REVIEW: Article

The World Institute for Nuclear Security

In the last 60 years, the world has developed many beneficial uses for nuclear energy—from generating electricity, to protecting water resources, to increasing crop yields and fighting diseases. But we all know that our continued ability to enjoy the beneficial uses of the atom depends on our corresponding ability to prevent the destructive use of the atom.

There is no threat more potentially devastating than a terrorist nuclear attack:  

  • Terrorists have been seeking nuclear and radiological weapons for more than ten years.


  • The nuclear material they need is housed in hundreds of facilities around the globe.


  • In seeking this material, terrorists will not go where there is the most material; they will go where that material is most vulnerable.  

Our global nuclear security is only as strong as the weakest link in the chain.  

I believe that we must be committed to the vision of a world in which all nuclear materials are safe, secure, and accounted for—from cradle to grave. 

That is why I was pleased to recently join the Director General of the International Atomic Energy Agency (IAEA) Mohamed ElBaradei, US Secretary of Energy Samuel Bodman, Ambassador Bengt Johansen of Norway and others in announcing the establish-ment of the World Institute for Nuclear Security (WINS), whose goal is to strengthen the physical protection and security of nuclear materials and facilities worldwide.  

The Nuclear Threat Initiative (NTI), which I co-chair with Ted Turner, the Institute of Nuclear Materials Management and the US Department of Energy partnered together to develop and launch WINS, with the close coordination of the IAEA. Government and industry have added their voices and resources in support of WINS.  

The World Institute for Nuclear Security will bring together nuclear security experts, the nuclear industry, governments and international organizations to focus on rapid and sustainable improvement of security at nuclear facilities. WINS’s scope of work will be on both weapons-usable material and radioactive materials.

Security professionals are the people in the best position to know where the vulnerabilities are, how to improve security, and how to ensure that improvements are implemented quickly and effectively. Through WINS, these professionals will determine the world’s best security practices for dealing with nuclear facilities and materials and share that information with their peers worldwide. 

If this concept sounds somewhat familiar, it’s because after the Chernobyl nuclear accident, the nuclear power industry created an international organization—the World Association of Nuclear Operators (WANO)—dedicated to sharing information in order to improve nuclear safety. WINS takes its inspiration from WANO’s important and effective safety work with nuclear power plants around the globe, and WINS will be dedicated to improving security across a broad spectrum of facilities.  The world can’t afford to wait for a “security Chernobyl” before we act.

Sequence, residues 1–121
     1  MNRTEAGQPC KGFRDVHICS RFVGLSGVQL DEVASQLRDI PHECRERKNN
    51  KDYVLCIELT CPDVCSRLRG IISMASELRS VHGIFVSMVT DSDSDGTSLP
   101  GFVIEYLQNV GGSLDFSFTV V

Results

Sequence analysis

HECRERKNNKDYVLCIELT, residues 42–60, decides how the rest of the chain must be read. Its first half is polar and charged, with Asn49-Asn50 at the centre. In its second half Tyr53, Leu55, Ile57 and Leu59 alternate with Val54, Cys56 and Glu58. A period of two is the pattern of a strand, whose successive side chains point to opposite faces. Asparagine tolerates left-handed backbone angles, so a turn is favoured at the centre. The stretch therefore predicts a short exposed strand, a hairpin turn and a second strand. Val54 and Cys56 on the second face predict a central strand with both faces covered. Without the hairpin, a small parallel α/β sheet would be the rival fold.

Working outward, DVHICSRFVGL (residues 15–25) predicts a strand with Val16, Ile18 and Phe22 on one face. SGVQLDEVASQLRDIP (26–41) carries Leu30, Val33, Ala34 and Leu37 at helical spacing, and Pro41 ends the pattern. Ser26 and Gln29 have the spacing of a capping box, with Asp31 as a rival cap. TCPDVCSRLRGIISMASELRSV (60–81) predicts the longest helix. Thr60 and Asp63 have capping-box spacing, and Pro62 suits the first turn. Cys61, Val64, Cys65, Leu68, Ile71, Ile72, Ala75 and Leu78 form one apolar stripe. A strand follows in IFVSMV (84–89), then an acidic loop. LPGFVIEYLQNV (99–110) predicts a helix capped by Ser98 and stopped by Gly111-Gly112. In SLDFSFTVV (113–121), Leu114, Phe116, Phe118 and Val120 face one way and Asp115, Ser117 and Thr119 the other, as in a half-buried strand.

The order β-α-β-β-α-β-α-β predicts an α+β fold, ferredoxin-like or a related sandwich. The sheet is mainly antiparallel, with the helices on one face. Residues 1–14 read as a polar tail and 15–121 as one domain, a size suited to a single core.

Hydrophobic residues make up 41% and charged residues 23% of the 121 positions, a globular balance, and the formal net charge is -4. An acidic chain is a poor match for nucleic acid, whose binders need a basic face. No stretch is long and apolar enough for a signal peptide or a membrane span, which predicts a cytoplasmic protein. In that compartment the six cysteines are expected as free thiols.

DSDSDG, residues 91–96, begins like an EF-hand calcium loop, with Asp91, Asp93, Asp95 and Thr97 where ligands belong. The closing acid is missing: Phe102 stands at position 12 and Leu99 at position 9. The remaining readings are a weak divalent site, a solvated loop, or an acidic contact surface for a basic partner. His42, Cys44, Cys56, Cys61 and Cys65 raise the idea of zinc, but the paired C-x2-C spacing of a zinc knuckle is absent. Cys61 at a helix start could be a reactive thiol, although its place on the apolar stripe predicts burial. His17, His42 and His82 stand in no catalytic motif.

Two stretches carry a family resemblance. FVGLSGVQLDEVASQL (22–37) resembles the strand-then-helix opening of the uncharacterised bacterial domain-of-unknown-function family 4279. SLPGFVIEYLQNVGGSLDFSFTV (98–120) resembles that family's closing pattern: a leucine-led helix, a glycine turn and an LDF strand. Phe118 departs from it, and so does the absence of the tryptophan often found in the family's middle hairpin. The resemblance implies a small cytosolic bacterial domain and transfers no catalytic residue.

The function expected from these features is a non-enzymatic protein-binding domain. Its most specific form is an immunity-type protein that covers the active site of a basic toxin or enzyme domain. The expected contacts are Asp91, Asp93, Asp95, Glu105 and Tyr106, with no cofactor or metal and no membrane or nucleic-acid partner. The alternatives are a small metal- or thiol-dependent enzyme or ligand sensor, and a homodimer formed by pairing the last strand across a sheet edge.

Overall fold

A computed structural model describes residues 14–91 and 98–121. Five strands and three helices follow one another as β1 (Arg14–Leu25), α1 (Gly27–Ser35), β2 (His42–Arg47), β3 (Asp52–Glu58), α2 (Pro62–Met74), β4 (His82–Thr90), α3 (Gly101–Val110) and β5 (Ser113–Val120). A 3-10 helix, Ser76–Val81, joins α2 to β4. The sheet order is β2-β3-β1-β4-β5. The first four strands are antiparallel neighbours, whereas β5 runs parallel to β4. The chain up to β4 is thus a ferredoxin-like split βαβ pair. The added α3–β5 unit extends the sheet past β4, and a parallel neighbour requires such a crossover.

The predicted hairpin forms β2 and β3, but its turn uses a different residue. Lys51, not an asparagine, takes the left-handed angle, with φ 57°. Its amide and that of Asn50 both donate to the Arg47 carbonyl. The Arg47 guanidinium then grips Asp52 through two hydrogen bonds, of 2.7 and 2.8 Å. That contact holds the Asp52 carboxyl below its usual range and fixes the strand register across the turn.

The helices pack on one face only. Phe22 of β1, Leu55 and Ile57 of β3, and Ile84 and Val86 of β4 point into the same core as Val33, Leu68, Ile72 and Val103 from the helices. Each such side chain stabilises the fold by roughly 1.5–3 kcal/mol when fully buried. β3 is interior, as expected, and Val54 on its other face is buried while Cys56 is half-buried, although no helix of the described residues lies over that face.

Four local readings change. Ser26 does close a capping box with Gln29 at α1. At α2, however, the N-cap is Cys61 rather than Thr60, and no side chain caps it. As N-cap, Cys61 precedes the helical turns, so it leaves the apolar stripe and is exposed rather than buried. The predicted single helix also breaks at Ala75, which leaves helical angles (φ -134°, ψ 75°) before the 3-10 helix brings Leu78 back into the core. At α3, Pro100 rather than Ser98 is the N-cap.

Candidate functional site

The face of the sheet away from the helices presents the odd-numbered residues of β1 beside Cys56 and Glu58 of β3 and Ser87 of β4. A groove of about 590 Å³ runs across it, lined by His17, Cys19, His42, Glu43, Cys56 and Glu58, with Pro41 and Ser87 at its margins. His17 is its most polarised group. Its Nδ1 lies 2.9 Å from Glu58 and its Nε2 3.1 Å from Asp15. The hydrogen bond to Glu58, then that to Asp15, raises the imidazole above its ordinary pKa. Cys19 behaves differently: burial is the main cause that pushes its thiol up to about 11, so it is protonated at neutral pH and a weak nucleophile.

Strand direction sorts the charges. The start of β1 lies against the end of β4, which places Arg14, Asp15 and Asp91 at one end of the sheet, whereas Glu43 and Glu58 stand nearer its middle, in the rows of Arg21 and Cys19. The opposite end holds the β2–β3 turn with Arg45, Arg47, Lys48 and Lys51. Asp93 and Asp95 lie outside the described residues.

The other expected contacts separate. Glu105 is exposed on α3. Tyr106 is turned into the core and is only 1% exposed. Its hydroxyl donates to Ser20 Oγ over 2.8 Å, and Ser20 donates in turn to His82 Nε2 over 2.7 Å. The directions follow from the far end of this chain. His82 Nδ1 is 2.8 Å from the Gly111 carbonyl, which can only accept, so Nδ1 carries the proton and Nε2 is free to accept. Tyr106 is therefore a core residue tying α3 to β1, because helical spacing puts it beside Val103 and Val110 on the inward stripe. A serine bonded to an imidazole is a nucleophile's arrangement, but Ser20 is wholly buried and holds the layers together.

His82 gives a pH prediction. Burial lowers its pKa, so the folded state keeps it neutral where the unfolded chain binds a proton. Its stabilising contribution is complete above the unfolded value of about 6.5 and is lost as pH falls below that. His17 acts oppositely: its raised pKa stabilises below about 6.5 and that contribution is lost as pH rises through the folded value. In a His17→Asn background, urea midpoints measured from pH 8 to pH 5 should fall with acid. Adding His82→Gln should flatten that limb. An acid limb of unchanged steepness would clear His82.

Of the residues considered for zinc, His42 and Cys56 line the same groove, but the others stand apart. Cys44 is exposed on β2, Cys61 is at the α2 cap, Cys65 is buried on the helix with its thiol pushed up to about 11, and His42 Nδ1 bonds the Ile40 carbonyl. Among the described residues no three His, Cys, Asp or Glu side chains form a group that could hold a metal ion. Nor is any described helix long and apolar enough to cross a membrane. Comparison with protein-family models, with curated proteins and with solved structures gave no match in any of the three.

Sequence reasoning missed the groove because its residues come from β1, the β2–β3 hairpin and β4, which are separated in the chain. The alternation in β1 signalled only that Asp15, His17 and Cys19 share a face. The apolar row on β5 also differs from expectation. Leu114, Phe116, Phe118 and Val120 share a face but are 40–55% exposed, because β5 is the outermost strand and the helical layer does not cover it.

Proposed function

WINS will build on the fundamental and essential activities of the IAEA by working closely with and complementing its vital work. WINS will be headquartered in Vienna to ensure close coordination. 

Our ultimate goal is that every institution responsible for nuclear and radioactive material will join and participate in this organization—both to share what they know and to learn from others. Though the scope of WINS will be broad, its initial activities will concentrate on the most dangerous nuclear materials. WINS’s operating assumption and message to everyone handling nuclear materials is that a terrorist nuclear attack anywhere in the world will cast a dark cloud over the nuclear community—no matter where the material originated.  

NTI will continue to offer its encouragement and assistance to WINS in any way that is helpful, but WINS will be accountable and responsive to its membership, its international board and its participants. Dr. Roger Howsley, an internationally recognized security expert, has agreed to get us off to a running start as WINS’s first executive director.

WINS would not be possible without the vision, leadership and generosity of the Peter G. Peterson Foundation. Pete and his Foundation enabled NTI to make a grant of $3 million to WINS to assist in the early stages of its birth, growth and independence. The Department of Energy is matching NTI’s gift with an additional $3 million. Norway has announced its support for WINS and an initial $100,000 contribution to support the participation of security professionals from developing states in WINS activities. WINS expects to leverage additional contributions from governments around the world and from the nuclear industry.

The world has already experienced a catastrophe that came from a lack of safety.  The world has never experienced a catastrophe that came from a major lapse in security.  The World Institute for Nuclear Security has been born to help ensure that we never do.  

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Co-Chairman, Nuclear Threat Initiative
The World Institute for Nuclear Security (WINS);
United States Senator, 1972-1996